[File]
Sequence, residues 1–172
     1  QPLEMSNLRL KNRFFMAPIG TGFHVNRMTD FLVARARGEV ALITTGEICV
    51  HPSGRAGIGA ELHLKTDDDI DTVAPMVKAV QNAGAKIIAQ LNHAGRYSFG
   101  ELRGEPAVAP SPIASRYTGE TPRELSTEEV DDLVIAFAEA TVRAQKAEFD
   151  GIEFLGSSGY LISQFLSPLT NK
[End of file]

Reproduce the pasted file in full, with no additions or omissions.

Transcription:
Sequence, residues 1–172
     1  QPLEMSNLRL KNRFFMAPIG TGFHVNRMTD FLVARARGEV ALITTGEICV
    51  HPSGRAGIGA ELHLKTDDDI DTVAPMVKAV QNAGAKIIAQ LNHAGRYSFG
   101  ELRGEPAVAP SPIASRYTGE TPRELSTEEV DDLVIAFAEA TVRAQKAEFD
   151  GIEFLGSSGY LISQFLSPLT NK